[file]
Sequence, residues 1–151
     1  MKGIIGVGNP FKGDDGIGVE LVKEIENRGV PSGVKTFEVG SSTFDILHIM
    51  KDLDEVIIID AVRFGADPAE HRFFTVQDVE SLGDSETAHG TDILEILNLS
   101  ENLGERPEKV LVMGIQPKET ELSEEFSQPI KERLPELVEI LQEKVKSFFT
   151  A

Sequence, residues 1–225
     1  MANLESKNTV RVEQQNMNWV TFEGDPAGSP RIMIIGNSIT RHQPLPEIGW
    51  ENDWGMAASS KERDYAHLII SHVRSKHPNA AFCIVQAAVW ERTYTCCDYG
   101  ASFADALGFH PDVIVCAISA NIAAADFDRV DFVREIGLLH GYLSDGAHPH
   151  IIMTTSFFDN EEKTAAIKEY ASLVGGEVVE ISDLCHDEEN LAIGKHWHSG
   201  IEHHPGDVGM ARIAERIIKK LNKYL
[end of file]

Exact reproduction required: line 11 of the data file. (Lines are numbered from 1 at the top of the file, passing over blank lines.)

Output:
   201  IEHHPGDVGM ARIAERIIKK LNKYL